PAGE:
The Orange County Courthouse marks a radical departure from the traditional classical-style Virginia courthouse, illustrating public acceptance of exotic taste in late antebellum times. Designed by Charles Haskins of the Washington firm of Haskins and Alexander, and erected in 1858-59, the building has all of the major characteristics of the Italian Villa style: deep-bracketed cornices, shallow-hipped roofs, and a square tower.
The work is Orange County’s fourth court structure built specifically as such. The original courthouse was built when the county was at its largest (1734-1739), rebuilt in the Village of Orange in 1749, and rebuilt again in 1802-1804 on public land just a few blocks from the current site. In 1758/59 railroad construction required one final relocation to its current site. The arcaded openings on the first floor were filled in ca. 1948. Also on the site is the former clerk’s office, jail, and a memorial monument to Orange County men who fought in and died in the American Civil War. Each individual name is listed within his unit.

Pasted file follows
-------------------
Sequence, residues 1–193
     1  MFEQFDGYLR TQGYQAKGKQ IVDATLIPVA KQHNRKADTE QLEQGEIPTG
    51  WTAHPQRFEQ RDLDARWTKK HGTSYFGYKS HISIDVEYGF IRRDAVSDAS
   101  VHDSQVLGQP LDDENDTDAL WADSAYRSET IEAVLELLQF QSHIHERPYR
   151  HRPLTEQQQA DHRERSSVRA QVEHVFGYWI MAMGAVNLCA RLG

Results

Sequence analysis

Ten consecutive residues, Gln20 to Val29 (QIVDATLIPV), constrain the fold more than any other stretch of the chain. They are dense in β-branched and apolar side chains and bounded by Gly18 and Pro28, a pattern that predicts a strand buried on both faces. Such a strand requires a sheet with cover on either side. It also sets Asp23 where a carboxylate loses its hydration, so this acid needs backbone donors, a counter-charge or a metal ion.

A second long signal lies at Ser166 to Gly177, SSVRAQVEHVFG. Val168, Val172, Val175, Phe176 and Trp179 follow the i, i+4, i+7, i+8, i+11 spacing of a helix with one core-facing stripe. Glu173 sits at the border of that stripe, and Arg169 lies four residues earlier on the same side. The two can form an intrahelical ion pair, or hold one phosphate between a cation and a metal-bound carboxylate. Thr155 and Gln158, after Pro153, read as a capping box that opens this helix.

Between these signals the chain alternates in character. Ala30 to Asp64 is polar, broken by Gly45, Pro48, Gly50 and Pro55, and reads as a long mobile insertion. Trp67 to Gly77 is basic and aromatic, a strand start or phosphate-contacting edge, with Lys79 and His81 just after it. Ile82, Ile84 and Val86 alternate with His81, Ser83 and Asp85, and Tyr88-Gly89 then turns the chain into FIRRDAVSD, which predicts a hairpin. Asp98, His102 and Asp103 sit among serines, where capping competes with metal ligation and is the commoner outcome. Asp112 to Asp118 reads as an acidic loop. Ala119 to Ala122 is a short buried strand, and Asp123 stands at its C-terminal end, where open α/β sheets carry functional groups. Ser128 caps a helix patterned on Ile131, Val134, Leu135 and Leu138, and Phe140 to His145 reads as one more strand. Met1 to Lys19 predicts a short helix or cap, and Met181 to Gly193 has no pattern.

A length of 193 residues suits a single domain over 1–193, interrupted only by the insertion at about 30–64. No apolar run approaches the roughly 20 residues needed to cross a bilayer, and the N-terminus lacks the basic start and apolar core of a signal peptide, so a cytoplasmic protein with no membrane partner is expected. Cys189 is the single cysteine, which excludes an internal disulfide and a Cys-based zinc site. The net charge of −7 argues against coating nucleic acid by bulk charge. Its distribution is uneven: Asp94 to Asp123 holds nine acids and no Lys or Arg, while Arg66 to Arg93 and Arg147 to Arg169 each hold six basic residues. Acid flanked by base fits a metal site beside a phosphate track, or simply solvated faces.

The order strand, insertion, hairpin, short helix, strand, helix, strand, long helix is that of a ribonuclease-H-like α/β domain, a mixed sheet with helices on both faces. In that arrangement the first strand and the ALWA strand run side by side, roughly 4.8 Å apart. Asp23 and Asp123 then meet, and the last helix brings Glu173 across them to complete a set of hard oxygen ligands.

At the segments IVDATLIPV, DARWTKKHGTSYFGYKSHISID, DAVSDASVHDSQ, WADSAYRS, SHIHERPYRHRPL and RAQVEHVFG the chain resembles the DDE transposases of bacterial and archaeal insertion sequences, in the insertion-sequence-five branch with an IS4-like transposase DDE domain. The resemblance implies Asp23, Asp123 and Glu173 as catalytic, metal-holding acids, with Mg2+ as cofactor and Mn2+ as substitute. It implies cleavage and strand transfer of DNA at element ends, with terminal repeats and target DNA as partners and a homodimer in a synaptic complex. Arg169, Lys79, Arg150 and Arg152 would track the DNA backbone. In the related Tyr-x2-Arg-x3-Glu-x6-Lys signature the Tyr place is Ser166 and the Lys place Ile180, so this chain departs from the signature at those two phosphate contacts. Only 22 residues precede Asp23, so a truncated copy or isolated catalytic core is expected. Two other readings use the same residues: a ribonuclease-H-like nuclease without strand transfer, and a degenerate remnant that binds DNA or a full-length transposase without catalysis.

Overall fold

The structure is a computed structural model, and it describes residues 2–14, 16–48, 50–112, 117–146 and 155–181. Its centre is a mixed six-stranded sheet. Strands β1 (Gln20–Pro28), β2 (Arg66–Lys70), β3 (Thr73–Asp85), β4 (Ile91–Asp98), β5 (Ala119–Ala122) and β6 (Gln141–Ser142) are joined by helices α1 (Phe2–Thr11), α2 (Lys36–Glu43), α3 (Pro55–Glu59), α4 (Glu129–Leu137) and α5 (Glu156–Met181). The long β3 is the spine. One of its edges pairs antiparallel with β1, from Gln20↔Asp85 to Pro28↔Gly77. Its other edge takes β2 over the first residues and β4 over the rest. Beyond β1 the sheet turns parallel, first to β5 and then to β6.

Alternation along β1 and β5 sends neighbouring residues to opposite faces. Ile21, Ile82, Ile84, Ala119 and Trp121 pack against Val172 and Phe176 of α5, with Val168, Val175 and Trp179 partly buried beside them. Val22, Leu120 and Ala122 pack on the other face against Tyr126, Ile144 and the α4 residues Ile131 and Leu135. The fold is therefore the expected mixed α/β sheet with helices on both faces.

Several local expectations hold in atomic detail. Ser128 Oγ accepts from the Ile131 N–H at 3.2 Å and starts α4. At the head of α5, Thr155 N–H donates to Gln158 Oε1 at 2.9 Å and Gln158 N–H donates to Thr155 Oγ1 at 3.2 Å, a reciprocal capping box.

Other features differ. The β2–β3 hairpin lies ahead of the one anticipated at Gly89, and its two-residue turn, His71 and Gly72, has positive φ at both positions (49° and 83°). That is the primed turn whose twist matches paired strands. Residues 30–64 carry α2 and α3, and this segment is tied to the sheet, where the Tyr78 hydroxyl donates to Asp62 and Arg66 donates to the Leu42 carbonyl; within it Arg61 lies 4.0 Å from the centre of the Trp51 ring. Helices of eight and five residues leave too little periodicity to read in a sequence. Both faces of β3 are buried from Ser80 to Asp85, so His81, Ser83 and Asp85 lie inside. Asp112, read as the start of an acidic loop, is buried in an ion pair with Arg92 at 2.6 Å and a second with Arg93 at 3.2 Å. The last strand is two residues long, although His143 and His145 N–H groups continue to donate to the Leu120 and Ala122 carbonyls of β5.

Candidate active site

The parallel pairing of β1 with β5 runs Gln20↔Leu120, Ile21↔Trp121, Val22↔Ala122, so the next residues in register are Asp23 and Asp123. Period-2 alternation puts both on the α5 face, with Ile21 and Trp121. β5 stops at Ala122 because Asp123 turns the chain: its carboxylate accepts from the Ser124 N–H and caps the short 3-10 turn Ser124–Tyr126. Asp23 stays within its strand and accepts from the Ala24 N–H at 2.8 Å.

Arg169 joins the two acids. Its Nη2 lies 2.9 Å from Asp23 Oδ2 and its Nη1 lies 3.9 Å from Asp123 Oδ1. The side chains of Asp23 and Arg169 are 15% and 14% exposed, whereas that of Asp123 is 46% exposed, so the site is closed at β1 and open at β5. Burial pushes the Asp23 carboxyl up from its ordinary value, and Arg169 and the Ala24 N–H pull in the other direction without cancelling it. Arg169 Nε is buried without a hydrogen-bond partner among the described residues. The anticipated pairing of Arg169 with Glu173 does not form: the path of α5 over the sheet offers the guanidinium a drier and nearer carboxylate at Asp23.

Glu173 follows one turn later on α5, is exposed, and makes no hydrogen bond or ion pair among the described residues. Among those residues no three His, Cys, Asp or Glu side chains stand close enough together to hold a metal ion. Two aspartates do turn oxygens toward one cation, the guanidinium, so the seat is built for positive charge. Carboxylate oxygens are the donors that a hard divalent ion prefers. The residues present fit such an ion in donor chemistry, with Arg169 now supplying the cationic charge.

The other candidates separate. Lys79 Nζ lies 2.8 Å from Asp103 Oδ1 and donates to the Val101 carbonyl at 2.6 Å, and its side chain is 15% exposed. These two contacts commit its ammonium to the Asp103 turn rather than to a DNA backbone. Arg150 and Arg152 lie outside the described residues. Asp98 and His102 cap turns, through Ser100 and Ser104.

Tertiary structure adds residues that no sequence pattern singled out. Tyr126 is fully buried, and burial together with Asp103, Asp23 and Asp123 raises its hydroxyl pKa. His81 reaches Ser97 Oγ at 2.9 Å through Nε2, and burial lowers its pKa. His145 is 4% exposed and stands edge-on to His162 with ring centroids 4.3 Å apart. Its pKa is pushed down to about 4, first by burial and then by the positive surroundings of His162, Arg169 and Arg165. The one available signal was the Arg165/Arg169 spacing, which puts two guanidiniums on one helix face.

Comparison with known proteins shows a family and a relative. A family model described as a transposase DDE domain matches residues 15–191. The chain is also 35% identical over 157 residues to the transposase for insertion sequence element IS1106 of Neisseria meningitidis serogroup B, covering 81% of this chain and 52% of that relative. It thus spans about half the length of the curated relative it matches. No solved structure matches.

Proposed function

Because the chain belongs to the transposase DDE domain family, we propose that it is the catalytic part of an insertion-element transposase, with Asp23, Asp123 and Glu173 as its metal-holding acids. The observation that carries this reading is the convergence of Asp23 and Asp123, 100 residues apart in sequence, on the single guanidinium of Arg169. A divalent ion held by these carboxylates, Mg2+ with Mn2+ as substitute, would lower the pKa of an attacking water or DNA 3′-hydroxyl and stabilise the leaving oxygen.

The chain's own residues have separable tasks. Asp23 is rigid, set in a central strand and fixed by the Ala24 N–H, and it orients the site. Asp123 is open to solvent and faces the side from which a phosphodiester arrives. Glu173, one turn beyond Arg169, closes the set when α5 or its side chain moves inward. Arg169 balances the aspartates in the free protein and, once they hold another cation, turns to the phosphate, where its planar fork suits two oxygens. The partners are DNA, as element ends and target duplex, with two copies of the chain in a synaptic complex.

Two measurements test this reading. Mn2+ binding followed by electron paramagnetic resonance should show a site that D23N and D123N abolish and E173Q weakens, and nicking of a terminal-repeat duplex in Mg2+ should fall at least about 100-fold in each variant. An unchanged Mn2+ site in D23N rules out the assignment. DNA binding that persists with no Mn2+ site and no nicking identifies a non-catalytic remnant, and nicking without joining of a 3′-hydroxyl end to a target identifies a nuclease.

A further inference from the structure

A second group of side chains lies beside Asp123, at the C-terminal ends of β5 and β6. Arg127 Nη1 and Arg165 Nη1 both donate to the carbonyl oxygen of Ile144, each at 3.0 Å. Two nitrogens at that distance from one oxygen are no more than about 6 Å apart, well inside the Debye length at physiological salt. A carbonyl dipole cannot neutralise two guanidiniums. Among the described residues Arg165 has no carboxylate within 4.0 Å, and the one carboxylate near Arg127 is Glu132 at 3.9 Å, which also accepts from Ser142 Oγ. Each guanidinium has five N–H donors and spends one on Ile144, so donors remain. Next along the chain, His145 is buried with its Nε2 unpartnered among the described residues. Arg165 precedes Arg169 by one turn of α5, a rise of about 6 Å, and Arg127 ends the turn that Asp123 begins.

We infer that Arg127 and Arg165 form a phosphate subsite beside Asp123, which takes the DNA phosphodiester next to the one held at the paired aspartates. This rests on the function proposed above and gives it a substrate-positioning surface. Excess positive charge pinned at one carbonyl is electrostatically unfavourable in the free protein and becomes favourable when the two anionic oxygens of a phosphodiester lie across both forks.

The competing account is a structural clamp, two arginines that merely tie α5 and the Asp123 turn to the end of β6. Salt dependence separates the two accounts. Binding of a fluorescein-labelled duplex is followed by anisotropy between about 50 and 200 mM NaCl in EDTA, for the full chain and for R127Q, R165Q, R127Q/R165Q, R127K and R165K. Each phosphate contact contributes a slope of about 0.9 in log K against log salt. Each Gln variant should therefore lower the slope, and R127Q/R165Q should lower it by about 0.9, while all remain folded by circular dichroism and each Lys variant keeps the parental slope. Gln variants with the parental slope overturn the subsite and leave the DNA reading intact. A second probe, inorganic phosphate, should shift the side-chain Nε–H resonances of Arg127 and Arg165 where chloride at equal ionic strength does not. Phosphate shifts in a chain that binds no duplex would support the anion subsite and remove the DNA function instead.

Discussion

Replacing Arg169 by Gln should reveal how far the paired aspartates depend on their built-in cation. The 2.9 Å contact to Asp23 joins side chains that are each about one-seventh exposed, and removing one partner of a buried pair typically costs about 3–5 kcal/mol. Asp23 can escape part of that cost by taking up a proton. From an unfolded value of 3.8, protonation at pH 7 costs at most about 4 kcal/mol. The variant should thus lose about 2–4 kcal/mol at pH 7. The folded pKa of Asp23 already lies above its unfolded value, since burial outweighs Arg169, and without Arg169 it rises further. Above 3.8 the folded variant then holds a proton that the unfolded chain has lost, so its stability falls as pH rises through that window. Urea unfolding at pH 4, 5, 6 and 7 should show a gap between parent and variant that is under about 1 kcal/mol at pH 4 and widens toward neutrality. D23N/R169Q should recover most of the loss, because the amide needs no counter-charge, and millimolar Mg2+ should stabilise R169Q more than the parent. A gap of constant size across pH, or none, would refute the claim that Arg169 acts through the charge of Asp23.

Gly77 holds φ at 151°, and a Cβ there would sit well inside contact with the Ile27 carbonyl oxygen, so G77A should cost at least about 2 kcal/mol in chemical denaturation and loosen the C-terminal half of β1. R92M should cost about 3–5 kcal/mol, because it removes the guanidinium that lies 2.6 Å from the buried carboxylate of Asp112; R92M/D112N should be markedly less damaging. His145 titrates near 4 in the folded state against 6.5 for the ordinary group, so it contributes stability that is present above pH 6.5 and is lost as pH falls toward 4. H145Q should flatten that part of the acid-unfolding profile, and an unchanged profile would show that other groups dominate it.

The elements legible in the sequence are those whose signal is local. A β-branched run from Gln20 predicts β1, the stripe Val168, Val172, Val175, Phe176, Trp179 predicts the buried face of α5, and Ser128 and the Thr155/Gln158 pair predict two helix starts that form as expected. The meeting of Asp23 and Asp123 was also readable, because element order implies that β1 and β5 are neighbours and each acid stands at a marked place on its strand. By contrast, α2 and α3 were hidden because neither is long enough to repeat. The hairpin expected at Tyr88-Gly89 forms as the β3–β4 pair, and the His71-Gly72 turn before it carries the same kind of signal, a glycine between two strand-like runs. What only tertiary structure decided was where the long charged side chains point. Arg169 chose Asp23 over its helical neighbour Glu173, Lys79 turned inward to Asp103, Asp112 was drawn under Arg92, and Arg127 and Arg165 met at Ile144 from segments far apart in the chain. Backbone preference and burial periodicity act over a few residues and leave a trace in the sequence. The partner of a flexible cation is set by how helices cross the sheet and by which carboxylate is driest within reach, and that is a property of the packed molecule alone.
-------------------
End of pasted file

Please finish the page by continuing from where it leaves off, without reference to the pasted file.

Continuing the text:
The next stop is the bank next door.